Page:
Jump at the Sun had a private screening at Santa Monica College on May 18 for David Burak’s English class, and was sponsored by the SMC English Dept, Black Collegians Club, SMC Associates, SMC Communication Dept, and Asian-American Pacific Islander Achievement. I was blown away by the students, almost 30,000 total at this fascinating school. A cross-cultural collection in attendance, they embraced Zora’s independence, her Black Nationalism, her love of self and culture. What a beautiful campus in a breathtaking city, perched on the edge of the Pacific Ocean. Zora Neale Hurston had visited California in 1940, driving all the way from Florida, and she wrote about her time there, working briefly for Paramount Pictures. She visited her friend, dancer Katherine Mershon, up in the mountains. For someone whose idea of way up high is the Chinaberry tree in her hometown of Eatonville, she was blown away by the constant climbing.
English teacher David Burak has been described as an “activist” and a former “protestor” and I liked his engaging and questioning spirit immensely. He should be crowned Mayor of the College, or at least given an honorary parking pass if they haven’t already. It was very nice of David to throw in a little smog when I took his photo.
And while Jump at the Sun was busy visiting the Left Coast, the Deedle Deedle Dees paid Zora homage in an interesting little ditty at the Knitting Factory in Williamsburg, a burg of Brooklyn NY.
The words came from Maya Angelou in the film JUMP AT THE SUN as she described the “sweet language” or la langue doux, an Africanism that has found its way into our own language. Angelou heard it in the South.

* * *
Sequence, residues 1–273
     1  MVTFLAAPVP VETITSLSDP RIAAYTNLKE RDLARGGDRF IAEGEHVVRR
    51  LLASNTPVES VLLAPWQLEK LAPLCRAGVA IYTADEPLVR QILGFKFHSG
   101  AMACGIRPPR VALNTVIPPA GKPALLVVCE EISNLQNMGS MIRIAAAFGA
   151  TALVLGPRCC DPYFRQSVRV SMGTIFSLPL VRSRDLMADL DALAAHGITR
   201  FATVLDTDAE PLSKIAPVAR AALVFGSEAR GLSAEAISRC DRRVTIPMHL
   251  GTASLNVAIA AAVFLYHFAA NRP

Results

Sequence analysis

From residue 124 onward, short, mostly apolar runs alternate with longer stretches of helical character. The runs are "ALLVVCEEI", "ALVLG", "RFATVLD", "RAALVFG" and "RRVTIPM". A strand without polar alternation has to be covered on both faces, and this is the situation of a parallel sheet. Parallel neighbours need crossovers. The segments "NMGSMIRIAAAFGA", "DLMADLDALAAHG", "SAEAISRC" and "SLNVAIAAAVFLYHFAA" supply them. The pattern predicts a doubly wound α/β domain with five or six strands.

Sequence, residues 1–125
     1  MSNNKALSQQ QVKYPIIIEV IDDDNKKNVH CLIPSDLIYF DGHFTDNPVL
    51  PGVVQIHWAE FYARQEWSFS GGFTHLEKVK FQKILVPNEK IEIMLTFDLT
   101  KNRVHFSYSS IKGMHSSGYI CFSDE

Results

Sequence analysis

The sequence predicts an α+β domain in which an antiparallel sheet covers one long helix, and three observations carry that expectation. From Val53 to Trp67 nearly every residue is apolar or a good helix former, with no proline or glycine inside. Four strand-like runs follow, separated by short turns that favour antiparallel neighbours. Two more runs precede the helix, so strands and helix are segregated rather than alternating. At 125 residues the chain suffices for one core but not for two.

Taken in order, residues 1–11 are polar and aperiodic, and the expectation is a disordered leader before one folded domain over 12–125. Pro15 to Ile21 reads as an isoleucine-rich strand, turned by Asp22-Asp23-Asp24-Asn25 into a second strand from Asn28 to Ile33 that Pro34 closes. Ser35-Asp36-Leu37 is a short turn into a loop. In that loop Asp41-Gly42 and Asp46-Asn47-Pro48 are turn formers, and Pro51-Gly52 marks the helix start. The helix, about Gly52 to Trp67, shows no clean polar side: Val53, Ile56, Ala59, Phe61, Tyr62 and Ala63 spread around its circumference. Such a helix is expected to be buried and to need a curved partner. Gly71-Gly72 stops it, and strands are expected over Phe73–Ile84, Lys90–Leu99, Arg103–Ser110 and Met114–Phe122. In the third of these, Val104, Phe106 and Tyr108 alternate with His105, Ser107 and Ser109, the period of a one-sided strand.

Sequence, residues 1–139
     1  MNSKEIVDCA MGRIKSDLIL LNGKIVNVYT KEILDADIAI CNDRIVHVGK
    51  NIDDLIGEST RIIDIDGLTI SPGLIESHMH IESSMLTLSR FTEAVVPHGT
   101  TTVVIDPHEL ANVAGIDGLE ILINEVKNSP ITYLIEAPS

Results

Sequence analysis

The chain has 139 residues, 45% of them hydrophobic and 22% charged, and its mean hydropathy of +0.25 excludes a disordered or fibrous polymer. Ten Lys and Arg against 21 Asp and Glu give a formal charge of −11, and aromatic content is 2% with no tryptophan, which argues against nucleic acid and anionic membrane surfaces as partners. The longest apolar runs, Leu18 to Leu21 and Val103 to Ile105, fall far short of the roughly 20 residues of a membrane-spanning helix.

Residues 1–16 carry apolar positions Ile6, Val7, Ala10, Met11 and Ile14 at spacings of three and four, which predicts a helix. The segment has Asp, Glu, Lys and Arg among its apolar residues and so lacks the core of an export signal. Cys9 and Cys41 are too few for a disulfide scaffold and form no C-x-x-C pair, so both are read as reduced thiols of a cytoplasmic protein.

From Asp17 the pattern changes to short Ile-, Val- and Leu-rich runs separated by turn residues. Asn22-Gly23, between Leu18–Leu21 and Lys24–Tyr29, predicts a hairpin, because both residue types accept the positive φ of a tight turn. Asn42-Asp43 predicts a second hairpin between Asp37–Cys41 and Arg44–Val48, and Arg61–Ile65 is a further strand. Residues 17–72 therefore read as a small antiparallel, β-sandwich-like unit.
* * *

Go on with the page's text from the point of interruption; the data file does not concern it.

I found myself wondering why Zora never went to Africa.
PBS viewer David Hardy, a software design engineer from Idaho, wanted to know more about la langue doux (spelling based on Angelou’s spoken words). So he did some research and came up with these interesting comments on his blog.
Sound the alarms! PBS veteran producer Joel Geyer is video blogging from Budapest where PBS stations from around the world are having their annual meeting. Yes, there are Public Broadcasting stations in almost every country, and from what Joel has to say, there are still plenty of staid historical documentaries in the loop. Joel seems to be more tolerant of these than most of us.
Via video, Joel has passed along a few choice tidbits including:
– Viral networking is over-rated, Twitter is useless, Facebook has an older demographic;
– Canon MarkII 5D camera is taking over the industry (and for only $2300 at B&H);
– Programs made by filming bloggers are a new hot product (built-in audience);
– Real people telling real stories is still a cheap new way to produce programming:
– TV as we know it is dead!!! Okay, I know. They keep saying it but this time it really is dead. Surfing for content on computers is the new TV.
When Zora Neale Hurston died, both of her publishers provided money for a gravestone that never materialized.
The Hurston Trust has intimated that Zora didn’t want a headstone but Zora always loved being acknowledged with all the glory one could heap on her. And in that fashion, the city of Ft. Pierce has commissioned an artist to create a new memorial for her at the grave site. There are panels on it, one depicting roses, stating those were her “favorite flowers”. I’d never heard that. She was always mailing hatboxes full of citrus blooms to her patron Charlotte Mason, which surely sent both the NY and FL post offices into a tizzy of delirium. What a glorious smell that is!
Sadly this new memorial does not appear to correct the erroneous dates of Zora’s lifespan, as attributed incorrectly but nobly by Alice Walker in the 70s on a gravestone placed on Zora’s previously unmarked grave, acknowledging a much under-appreciated life (don’t blame Alice if Zora lied about her age). Perhaps I’ll bring my magic marker with me on my next trip to Ft. Pierce for some well-placed graffiti.